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Informed Advocacy: Lorraine Hexstall (Ed.M., Human Development, Cognitive Studies in Education)

Lorraine Hexstall
Lorraine Hexstall

‌Life before TC

Lorraine Hexstall’s son was 13 when he was found to have a visual discrepancy that was harming his performance in school. Until then, says Hexstall, who is African-American and was born and raised in Harlem, teachers and school staff attributed his struggles to his gender, his race, or both. Hexstall decided she needed to understand better how teachers thought – and how parents could constructively advocate for their children. She’d always worked full-time, including while earning her undergraduate degree from Hunter College, so the prospect of continuing to do so as a doctoral student didn’t scare her. She enrolled at TC in 2007and doggedly forged ahead.

Why TC 


“I came to TC so I could become not just an informed parent advocate, but an impartial one,” Hexstall says. Her adviser, Deanna Kuhn, Professor of Psychology and Education, was piloting a middle school curriculum on “Inquiry and Argumentation” at nearby Columbia Secondary School (CSS). As research assistant to Kuhn, Hexstall participated closely in the work. “There’s a lot of push to get students involved in debate,” she says. “My question was: Can argument’s movement from the periphery to the core help move the ESEA narrative from promise to progress?” . For her thesis, she compared several argumentation programs and explored whether developing the ability to “think well” can improve education outcomes for Title I students, given sanctions of the federal No Child Left Behind legislation. 

TC Takeaway


Hexstall found that while cultivating debate and argument can indeed have positive effects, “it doesn’t happen in 45 minutes. It takes a long time to develop better habits of thinking.” But the effort is worth it. “I don’t believe in the word ‘smart’ anymore. Instead, it’s about exposure, practice.  And students learn to take chances to acquire new strategies, and the chances are safest in an environment where they are respected as collaborators in constructing knowledge.” At TC, Hexstall also progressed towards her goal of understanding a teacher’s perspective. “I learned the challenges that teachers face and I was able to give them a little grace,” she says. And as a parent -- particularly a minority parent – “I hope I left them a lot to think about.”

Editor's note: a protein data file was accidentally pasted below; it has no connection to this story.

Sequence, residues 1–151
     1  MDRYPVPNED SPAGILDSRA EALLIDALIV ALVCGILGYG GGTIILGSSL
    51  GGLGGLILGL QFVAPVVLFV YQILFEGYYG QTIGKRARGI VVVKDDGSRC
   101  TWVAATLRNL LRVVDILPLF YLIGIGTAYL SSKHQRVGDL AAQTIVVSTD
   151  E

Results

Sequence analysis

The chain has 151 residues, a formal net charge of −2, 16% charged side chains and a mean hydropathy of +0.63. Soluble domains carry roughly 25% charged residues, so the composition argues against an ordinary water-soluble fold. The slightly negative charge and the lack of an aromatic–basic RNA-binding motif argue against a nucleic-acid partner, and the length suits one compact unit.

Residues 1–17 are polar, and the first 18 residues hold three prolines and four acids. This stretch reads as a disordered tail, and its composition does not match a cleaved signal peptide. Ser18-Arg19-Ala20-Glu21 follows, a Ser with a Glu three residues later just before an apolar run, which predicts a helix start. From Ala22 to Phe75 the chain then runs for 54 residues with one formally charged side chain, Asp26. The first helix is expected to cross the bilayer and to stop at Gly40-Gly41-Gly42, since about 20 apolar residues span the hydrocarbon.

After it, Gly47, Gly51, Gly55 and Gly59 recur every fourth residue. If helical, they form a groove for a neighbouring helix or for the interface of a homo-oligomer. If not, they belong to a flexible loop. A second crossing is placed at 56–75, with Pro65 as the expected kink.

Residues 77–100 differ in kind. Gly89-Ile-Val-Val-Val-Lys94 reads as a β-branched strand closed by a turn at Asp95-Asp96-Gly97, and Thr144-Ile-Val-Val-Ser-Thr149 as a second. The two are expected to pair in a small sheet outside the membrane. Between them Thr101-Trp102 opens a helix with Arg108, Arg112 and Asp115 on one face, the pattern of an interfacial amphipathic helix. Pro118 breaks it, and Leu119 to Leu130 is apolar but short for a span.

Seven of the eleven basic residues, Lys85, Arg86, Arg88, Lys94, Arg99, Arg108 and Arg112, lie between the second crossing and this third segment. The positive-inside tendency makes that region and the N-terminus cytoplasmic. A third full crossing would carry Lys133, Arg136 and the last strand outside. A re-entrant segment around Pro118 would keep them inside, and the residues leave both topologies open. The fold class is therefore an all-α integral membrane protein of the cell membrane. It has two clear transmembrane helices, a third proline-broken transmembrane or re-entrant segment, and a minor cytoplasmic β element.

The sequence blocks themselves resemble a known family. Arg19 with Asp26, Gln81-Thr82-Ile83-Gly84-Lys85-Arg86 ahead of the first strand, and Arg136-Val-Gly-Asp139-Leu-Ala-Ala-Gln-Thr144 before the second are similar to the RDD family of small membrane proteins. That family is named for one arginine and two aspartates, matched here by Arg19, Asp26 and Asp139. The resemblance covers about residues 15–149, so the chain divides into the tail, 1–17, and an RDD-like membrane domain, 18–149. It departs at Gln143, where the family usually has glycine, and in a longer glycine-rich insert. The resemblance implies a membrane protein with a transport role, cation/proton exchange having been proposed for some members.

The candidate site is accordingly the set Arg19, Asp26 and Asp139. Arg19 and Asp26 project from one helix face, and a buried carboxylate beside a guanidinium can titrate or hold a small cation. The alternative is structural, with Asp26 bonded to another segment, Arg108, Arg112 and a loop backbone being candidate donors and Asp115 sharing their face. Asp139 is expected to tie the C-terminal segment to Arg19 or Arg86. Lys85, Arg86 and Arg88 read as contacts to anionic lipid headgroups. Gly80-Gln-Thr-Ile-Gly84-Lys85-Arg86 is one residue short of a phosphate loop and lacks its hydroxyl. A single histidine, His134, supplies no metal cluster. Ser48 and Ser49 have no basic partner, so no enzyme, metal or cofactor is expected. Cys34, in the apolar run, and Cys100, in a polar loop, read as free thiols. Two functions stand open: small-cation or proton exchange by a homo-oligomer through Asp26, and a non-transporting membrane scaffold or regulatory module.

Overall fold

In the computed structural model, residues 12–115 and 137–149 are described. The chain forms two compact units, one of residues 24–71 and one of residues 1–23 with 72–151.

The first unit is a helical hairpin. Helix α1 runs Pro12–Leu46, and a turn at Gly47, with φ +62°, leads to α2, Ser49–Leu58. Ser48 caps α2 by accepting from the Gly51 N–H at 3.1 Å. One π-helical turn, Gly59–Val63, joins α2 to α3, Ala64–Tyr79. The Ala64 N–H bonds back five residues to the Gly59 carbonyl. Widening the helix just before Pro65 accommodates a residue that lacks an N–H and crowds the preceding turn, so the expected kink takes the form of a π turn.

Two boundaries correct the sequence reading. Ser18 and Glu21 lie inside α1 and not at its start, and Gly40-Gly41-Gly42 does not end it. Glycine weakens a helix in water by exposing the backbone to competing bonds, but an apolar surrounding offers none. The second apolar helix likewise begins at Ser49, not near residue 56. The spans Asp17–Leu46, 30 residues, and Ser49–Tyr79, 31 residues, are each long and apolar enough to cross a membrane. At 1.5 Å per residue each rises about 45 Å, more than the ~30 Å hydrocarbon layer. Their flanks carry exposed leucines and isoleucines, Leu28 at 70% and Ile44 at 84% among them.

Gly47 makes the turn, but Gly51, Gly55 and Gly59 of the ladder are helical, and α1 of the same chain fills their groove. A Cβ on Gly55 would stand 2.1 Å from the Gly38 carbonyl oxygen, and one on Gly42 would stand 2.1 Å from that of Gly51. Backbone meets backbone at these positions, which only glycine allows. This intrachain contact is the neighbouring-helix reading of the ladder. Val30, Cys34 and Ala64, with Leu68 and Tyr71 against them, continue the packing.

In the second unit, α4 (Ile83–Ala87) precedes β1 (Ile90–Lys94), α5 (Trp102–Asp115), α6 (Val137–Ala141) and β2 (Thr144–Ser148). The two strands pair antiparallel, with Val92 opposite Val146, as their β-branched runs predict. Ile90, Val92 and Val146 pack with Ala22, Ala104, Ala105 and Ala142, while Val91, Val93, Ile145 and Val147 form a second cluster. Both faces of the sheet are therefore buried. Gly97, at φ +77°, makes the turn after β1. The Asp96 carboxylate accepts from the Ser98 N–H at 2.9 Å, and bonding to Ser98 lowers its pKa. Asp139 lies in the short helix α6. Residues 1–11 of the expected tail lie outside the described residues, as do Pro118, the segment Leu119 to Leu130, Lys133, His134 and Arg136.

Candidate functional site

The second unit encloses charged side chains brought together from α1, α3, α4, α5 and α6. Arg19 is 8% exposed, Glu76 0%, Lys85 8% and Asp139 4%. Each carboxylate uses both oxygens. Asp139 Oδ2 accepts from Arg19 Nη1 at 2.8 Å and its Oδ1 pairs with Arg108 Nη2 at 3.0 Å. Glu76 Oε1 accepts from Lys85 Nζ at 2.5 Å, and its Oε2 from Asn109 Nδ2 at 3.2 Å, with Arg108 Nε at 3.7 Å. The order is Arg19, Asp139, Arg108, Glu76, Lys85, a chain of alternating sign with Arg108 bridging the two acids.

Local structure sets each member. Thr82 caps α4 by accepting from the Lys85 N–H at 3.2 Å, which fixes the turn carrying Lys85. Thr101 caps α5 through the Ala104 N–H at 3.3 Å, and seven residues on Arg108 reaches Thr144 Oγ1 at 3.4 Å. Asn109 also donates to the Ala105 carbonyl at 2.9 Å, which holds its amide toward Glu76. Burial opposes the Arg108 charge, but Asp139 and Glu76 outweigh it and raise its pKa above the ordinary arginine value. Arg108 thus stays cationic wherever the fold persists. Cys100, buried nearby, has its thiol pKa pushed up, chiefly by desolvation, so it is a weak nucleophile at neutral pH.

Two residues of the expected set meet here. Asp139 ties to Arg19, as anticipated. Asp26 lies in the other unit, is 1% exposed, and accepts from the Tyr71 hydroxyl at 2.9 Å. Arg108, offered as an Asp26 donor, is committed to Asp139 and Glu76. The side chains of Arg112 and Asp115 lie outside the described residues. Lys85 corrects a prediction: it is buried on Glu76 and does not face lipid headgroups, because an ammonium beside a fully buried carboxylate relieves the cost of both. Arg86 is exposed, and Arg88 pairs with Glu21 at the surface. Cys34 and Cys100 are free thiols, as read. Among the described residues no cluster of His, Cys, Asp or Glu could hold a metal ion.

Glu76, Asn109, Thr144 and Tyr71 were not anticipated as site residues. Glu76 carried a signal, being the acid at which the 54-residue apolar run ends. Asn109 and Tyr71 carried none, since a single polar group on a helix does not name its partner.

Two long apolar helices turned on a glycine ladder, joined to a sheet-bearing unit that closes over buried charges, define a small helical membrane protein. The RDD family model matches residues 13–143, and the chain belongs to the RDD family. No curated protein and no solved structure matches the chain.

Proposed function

What’s Next


Two years ago, Hexstall and her husband moved from Jamaica, Queens to the Hudson Valley. While she continues to commute to her Manhattan job, she plans to start a parent advocacy program in her new hometown, either as a non-profit or through the school system. Teachers and special education administrators have been very receptive. “They’re all very interested in parent advocacy,” she says. “They want to communicate and find better ways to work with parents, especially of younger children.”

 

Published Friday, May 1, 2015

Lorraine Hexstall
Lorraine Hexstall

‌Life before TC

Lorraine Hexstall’s son was 13 when he was found to have a visual discrepancy that was harming his performance in school. Until then, says Hexstall, who is African-American and was born and raised in Harlem, teachers and school staff attributed his struggles to his gender, his race, or both. Hexstall decided she needed to understand better how teachers thought – and how parents could constructively advocate for their children. She’d always worked full-time, including while earning her undergraduate degree from Hunter College, so the prospect of continuing to do so as a doctoral student didn’t scare her. She enrolled at TC in 2007and doggedly forged ahead.

Why TC 


“I came to TC so I could become not just an informed parent advocate, but an impartial one,” Hexstall says. Her adviser, Deanna Kuhn, Professor of Psychology and Education, was piloting a middle school curriculum on “Inquiry and Argumentation” at nearby Columbia Secondary School (CSS). As research assistant to Kuhn, Hexstall participated closely in the work. “There’s a lot of push to get students involved in debate,” she says. “My question was: Can argument’s movement from the periphery to the core help move the ESEA narrative from promise to progress?” . For her thesis, she compared several argumentation programs and explored whether developing the ability to “think well” can improve education outcomes for Title I students, given sanctions of the federal No Child Left Behind legislation. 

TC Takeaway


Hexstall found that while cultivating debate and argument can indeed have positive effects, “it doesn’t happen in 45 minutes. It takes a long time to develop better habits of thinking.” But the effort is worth it. “I don’t believe in the word ‘smart’ anymore. Instead, it’s about exposure, practice.  And students learn to take chances to acquire new strategies, and the chances are safest in an environment where they are respected as collaborators in constructing knowledge.” At TC, Hexstall also progressed towards her goal of understanding a teacher’s perspective. “I learned the challenges that teachers face and I was able to give them a little grace,” she says. And as a parent -- particularly a minority parent – “I hope I left them a lot to think about.”  

What’s Next


Two years ago, Hexstall and her husband moved from Jamaica, Queens to the Hudson Valley. While she continues to commute to her Manhattan job, she plans to start a parent advocacy program in her new hometown, either as a non-profit or through the school system. Teachers and special education administrators have been very receptive. “They’re all very interested in parent advocacy,” she says. “They want to communicate and find better ways to work with parents, especially of younger children.”

 

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